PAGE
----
Friday November 13, 1998
It's a tradition for documentaries to explore inaccessible, even dangerous locales, mounting voyages of discovery to places few people have been. "The Decline of Western Civilization Part III" fits that definition, but instead of going to the headwaters of the Orinoco or the far reaches of the Kalahari, it unveils a disturbing world that's just down the street.
Shot on and around Hollywood Boulevard over a span of 11 months, "Decline" focuses on the subculture of gutter punks, the elaborately pierced and tattooed young people with kaleidoscope hair shaped into skyscraper mohawks. They're a familiar local sight, but until this intelligent, provocative and sympathetic film by Penelope Spheeris, it's unlikely that most people have given them much thought.
"Decline" (playing for one week at the Nuart in West Los Angeles) is the 12th feature on Spheeris' wildly divergent filmography. She's made both Hollywood ephemera like "Wayne's World," "The Beverly Hillbillies" and "The Little Rascals" and a series of honest, groundbreaking documentaries on rock 'n' roll themes of which this is the third.
The first "Decline," which focused on the early L.A. punk scene, was made in 1979 before most of the punks in "Part III" were even born, and Spheeris uses interviews with some of the old-timers to try to put the new kids into perspective.
Rick Wilder of the Mau-Maus, now a sepulchral presence with long flaming red hair, calls punk "a shrieking siren" conveying "anger at everything." And today, says Keith Morris, formerly with Black Flag and the Circle Jerks, "there's more people, more crime, more corruption, more reasons to be angry and upset."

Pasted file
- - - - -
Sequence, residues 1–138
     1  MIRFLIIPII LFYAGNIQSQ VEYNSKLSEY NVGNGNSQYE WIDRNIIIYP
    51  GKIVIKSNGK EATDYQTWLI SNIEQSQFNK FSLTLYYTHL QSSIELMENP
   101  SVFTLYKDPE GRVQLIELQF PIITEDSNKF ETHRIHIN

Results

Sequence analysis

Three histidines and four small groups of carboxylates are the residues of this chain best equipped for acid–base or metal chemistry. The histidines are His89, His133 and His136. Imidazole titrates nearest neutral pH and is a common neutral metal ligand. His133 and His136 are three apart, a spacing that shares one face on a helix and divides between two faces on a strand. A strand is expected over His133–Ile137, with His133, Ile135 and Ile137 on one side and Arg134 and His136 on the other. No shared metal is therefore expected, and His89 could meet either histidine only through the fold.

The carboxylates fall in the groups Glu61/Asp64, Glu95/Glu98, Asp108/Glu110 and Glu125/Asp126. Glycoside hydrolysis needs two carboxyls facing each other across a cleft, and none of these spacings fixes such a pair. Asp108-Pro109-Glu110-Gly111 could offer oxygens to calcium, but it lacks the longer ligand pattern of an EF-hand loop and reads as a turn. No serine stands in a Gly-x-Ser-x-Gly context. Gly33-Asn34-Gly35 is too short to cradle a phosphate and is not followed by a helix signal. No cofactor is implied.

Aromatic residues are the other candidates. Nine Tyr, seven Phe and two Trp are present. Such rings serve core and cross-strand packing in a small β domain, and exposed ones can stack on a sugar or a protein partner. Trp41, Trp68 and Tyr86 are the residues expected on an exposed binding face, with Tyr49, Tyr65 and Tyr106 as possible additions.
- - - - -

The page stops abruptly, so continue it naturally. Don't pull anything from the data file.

"Decline" features performance footage of current punk bands with names like Final Conflict, the Resistance and Naked Aggression, as well as interviews with the members of that last group, who turn out to be politically aware individuals with musical backgrounds in classical guitar, piano and French horn.
The heart of the film, and equally surprising, are the extended talking-head interviews Spheeris does with the kids on Hollywood Boulevard, who've taken street names like Squid, Troll, Hamburger and Why-me.
To see these gutter punks is not to love all aspects of them. They brag about drinking every night until they black out, talk openly about thievery, and at times display typical teenage sullenness and bravado.
But Spheeris has deftly captured another side of these people, which makes the sight of wasted lives sadder than it would otherwise be. Along with their baby-faced nihilism, the gutter punks also display a poignant idealism about the decency they'd like to see in the world, a wistful sense of being let down by forces beyond their control and by a society that is often judgmental, violent and uncaring.
Surprisingly bright and articulate, many of these kids turn out to be victims of adult abuse who turned angry and anarchistic because they felt no hope of fitting in. Their toughness ("We're the cockroaches, we're the ones that can live through anything"), as it turns out, does not always run deep. "We get our feelings hurt," one girl says, "and we cover it up with spikes and color." Adds another punk, speaking for them all: "It's not really fun to be in reality."
With her unblinking but nonjudgmental eye, Spheeris doesn't shy away from the horrifying, at times violent messes these kids make of their lives, but she is always sensitive to the pain behind everything, to the unhappy futility of squandered potential.
Spheeris plans to donate any profits from this self-financed venture to charities for homeless young people and abused children. In her introduction to this film when it debuted at Sundance (where it won the Freedom of Expression award), the director said that of all her films "this one is closest to my heart, the one that I feel, if I die tomorrow, I've done something." She certainly has.
The Decline of Western Civilization Part III, 1998. Unrated. A Spheeris Films Inc. production. Director Penelope Spheeris. Producer Scott Wilder. Cinematographer Jamie Thompson. Editor Ann Trulove. Music supervisor Stephen E. Smith. Sound David Ronne, David Barr Yaffe. Running time: 1 hour, 27 minutes.Copyright © 2015, Los Angeles Times